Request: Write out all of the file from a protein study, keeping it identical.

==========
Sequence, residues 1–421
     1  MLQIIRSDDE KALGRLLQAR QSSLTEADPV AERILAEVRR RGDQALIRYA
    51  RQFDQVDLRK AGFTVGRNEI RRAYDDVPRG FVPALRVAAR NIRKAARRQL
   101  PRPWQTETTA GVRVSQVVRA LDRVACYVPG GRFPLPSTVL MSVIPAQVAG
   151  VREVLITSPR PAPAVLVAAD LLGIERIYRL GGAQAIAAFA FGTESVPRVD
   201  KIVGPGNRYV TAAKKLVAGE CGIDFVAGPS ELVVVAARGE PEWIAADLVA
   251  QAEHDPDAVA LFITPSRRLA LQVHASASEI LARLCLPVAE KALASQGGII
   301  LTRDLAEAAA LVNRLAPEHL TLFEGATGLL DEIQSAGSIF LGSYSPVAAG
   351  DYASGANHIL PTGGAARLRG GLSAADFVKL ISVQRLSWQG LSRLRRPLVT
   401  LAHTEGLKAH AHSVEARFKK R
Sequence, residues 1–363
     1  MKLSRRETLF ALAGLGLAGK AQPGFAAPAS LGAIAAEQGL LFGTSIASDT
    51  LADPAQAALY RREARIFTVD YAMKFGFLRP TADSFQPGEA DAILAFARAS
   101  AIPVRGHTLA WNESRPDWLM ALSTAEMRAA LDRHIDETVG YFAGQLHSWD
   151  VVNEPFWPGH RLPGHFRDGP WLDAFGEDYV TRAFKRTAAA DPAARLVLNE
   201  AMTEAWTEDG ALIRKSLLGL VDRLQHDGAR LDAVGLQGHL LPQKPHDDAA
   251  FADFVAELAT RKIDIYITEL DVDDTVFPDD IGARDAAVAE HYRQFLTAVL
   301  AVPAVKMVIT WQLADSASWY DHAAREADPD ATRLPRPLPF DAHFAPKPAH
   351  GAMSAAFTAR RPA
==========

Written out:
Sequence, residues 1–421
     1  MLQIIRSDDE KALGRLLQAR QSSLTEADPV AERILAEVRR RGDQALIRYA
    51  RQFDQVDLRK AGFTVGRNEI RRAYDDVPRG FVPALRVAAR NIRKAARRQL
   101  PRPWQTETTA GVRVSQVVRA LDRVACYVPG GRFPLPSTVL MSVIPAQVAG
   151  VREVLITSPR PAPAVLVAAD LLGIERIYRL GGAQAIAAFA FGTESVPRVD
   201  KIVGPGNRYV TAAKKLVAGE CGIDFVAGPS ELVVVAARGE PEWIAADLVA
   251  QAEHDPDAVA LFITPSRRLA LQVHASASEI LARLCLPVAE KALASQGGII
   301  LTRDLAEAAA LVNRLAPEHL TLFEGATGLL DEIQSAGSIF LGSYSPVAAG
   351  DYASGANHIL PTGGAARLRG GLSAADFVKL ISVQRLSWQG LSRLRRPLVT
   401  LAHTEGLKAH AHSVEARFKK R
Sequence, residues 1–363
     1  MKLSRRETLF ALAGLGLAGK AQPGFAAPAS LGAIAAEQGL LFGTSIASDT
    51  LADPAQAALY RREARIFTVD YAMKFGFLRP TADSFQPGEA DAILAFARAS
   101  AIPVRGHTLA WNESRPDWLM ALSTAEMRAA LDRHIDETVG YFAGQLHSWD
   151  VVNEPFWPGH RLPGHFRDGP WLDAFGEDYV TRAFKRTAAA DPAARLVLNE
   201  AMTEAWTEDG ALIRKSLLGL VDRLQHDGAR LDAVGLQGHL LPQKPHDDAA
   251  FADFVAELAT RKIDIYITEL DVDDTVFPDD IGARDAAVAE HYRQFLTAVL
   301  AVPAVKMVIT WQLADSASWY DHAAREADPD ATRLPRPLPF DAHFAPKPAH
   351  GAMSAAFTAR RPA